FIRST NAT. BANK OF ANADARKO v. MASTERSON

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FIRST NAT. BANK OF ANADARKO v. MASTERSON
1911 OK 21
116 P. 162
29 Okla. 76
Case Number: 668
Decided: 01/10/1911
Supreme Court of Oklahoma

FIRST NAT. BANK OF ANADARKO
v.
MASTERSON.

Syllabus

¶0 1. BANKRUPTCY--Discharge--Collateral Attack. A discharge in bankruptcy, until set aside or reversed in a direct proceeding, is conclusive upon all parties to the proceedings, and cannot be attacked collaterally.
2. BANKRUPTCY--Jurisdiction--When Attaches. For jurisdictional purposes, bankruptcy proceedings are commenced by the filing of the original petition.

Error from District Court, Caddo County; Frank M. Bailey, Judge.

Action by William H. Masterson against the First National Bank of Anadarko. Judgment for plaintiff, and defendant brings error. Affirmed.

A. J. Moore, for plaintiff in error.
C. H. Carswell, for defendant in error.

KANE, J.

¶1 This was an action commenced by the defendant in error, plaintiff below, against the plaintiff in error, defendant below, to recover the sum of $ 1,000 alleged to have been deposited with the defendant in the ordinary course of business. The defendant answered, in substance admitting the deposit, but alleging that plaintiff, at the time the deposit was made, was indebted to the bank on an overdraft, which was reduced to a note and afterwards reduced to a judgment. To this answer the plaintiff replied, admitting the judgment, but that it has been extinguished by a discharge in bankruptcy. Upon the issues thus joined there was judgment for the plaintiff, to reverse which this proceeding in error was commenced.

¶2 It is admitted that there was a discharge in bankruptcy by a court of competent jurisdiction, which would extinguish the judgment against the plaintiff if it were not for the fact, as contended for by counsel for defendant, that the bankruptcy court failed to enter an order showing that the plaintiff had been adjudicated a bankrupt. We do not believe this contention can be sustained. Bankruptcy courts are on the same footing as courts of general jurisdiction, respecting the finality and conclusiveness of their records and judgments; and when judgments are rendered by them upon questions arising in bankruptcy proceedings, they possess all the incidents of finality and conclusiveness appertaining to courts of general jurisdiction. Their judgments, unless reversed on appeal or writ of error, import absolute verity. Edelstein v. United States, 149 F. 636, 79 C. C. A. 328, 9 L.R.A. (N. S.) 236. Collier on Bankruptcy, p. 12, says:

"Such courts are not inferior courts in the sense that essential jurisdictional facts must affirmatively appear on the record."

¶3 Brandenburg on Bankruptcy (3d Ed.) p. 856, states the rule as follows:

"A certificate of discharge in bankruptcy, signed by the judge, and attested by the clerk under the seal of the court, is the means by which the bankrupt is to prove and have the benefit of his discharge, and is conclusive evidence of the jurisdiction of the court, and of the fact and the regularity of the discharge, but is not conclusive evidence in favor of other parties seeking to use it. Since it is conclusive of the regularity of the proceedings, it can only be attacked in the court granting it upon proper proceedings."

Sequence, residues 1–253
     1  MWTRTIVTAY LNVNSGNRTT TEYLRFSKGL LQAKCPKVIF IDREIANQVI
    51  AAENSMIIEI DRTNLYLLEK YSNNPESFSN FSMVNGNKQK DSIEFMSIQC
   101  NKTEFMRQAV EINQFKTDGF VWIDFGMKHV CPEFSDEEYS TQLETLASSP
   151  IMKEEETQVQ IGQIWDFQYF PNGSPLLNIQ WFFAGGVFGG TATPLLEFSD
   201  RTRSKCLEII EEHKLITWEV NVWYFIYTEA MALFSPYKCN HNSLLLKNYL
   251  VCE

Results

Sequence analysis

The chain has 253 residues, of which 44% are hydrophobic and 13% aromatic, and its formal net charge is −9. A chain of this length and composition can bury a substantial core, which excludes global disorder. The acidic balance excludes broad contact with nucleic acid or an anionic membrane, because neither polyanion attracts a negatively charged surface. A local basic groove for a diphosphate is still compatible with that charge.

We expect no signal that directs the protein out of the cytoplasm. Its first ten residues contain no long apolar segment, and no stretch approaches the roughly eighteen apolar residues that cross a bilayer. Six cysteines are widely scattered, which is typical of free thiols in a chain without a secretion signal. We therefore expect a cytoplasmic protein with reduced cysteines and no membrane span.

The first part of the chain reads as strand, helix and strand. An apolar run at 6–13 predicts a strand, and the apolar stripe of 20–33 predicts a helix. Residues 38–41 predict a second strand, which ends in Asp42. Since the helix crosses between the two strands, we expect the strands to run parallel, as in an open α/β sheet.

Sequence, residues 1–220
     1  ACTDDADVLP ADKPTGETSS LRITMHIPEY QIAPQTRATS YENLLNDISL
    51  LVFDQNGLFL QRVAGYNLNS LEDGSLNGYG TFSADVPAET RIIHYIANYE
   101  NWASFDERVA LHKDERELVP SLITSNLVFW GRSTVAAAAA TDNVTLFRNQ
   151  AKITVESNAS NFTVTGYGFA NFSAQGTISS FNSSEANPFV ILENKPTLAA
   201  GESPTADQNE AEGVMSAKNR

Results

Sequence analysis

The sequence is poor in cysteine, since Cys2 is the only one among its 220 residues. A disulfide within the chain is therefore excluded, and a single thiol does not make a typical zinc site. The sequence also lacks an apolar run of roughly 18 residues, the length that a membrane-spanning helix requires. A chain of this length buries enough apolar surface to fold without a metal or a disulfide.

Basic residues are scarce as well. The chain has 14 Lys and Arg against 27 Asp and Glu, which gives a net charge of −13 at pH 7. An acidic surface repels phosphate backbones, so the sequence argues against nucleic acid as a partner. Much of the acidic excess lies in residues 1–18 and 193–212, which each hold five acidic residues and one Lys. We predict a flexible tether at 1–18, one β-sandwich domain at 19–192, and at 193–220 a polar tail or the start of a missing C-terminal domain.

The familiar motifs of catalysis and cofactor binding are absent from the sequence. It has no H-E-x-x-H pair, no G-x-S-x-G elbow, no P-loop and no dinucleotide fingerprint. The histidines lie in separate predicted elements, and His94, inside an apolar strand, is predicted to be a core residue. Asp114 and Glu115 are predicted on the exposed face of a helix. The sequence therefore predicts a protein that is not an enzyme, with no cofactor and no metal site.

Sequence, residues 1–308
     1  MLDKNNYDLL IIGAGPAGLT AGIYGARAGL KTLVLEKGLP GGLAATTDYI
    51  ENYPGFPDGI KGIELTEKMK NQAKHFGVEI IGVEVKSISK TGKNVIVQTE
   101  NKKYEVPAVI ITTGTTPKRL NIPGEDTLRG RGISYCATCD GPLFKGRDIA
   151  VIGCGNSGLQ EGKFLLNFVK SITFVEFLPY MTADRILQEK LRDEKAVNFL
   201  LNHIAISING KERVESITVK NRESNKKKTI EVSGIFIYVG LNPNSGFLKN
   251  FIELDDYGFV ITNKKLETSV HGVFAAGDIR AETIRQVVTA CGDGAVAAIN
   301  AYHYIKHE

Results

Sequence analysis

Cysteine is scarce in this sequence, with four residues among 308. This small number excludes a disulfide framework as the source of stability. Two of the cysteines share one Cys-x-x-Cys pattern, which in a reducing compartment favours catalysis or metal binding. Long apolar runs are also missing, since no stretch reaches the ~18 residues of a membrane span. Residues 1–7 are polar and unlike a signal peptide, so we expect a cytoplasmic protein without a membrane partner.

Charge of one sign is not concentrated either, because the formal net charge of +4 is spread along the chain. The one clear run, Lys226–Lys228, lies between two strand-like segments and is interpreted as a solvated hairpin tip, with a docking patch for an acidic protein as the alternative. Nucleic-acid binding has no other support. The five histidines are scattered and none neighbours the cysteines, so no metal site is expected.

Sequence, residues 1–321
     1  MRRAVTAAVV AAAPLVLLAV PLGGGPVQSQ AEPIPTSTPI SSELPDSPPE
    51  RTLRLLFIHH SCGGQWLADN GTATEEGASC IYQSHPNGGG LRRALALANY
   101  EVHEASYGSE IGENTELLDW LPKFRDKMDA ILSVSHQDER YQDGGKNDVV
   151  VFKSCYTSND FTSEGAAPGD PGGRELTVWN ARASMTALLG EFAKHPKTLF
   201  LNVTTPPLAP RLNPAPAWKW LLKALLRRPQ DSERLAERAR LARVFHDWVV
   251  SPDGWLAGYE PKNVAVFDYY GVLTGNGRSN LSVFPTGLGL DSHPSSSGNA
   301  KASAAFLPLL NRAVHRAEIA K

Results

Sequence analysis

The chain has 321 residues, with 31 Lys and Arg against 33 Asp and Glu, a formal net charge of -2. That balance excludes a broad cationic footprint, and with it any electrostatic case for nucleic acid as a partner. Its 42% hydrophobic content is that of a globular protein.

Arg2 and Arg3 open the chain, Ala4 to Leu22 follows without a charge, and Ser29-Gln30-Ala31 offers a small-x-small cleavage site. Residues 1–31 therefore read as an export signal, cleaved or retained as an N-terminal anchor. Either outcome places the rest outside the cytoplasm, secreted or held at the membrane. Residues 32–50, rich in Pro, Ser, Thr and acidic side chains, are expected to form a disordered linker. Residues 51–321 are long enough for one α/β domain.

¶4 On page 261 the same writer says:

"The judgment of a court of competent jurisdiction cannot be collaterally attacked, but is conclusive between the parties; so a discharge in bankruptcy, until set aside or reversed in a direct proceeding, is conclusive upon all parties to the proceedings and cannot be attacked collaterally, and cannot, therefore, be impeached, if pleaded in bar of an action for a dischargeable debt in a state court."

¶5 In Sloan v. Lewis, 89 U.S. 150, 22 L. Ed. 832, it was held that, where the record shows jurisdiction, an adjudication of bankruptcy can only be assailed by a direct proceeding in a competent court. To the same effect are Elliott v. Peirsol et al., 26 U.S. 328, 7 L. Ed. 164; Palmer v. Hussey, 119 U.S. 96, 7 S. Ct. 158, 30 L. Ed. 362; Graham v. Boston, etc., 118 U.S. 161, 6 S. Ct. 1009, 30 L. Ed. 196; Dowell v. Applegate, 152 U.S. 327, 14 S. Ct. 611, 38 L. Ed. 463; Lamp Chimney v. Ansonia, etc., 91 U.S. 656, 23 L. Ed. 336.

¶6 The bankrupt act unquestionably fixes the time when jurisdiction attaches. Act July 1, 1898, c. 541, 30 Stat. 544 (U. S. Comp. St. 1901, p. 3418). Brandenburg on Bankruptcy (3d Ed.) § 85, states the rule as follows: "For jurisdictional purposes, bankruptcy proceedings are commenced by the filing of the original petition." In Mueller v. Nugent, 184 U.S. 1, 22 S. Ct. 269, 46 L. Ed. 405, it was held that "it is as true of the present law, as it was of that of 1867 [Act March 2, 1867, c. 176, 14 Stat. 517], that the filing of the petition is a caveat to all the world."

¶7 The judgment of the court below must be affirmed.

¶8 DUNN, C. J., and HAYES and WILLIAMS, JJ., concur; TURNER, J., not participating.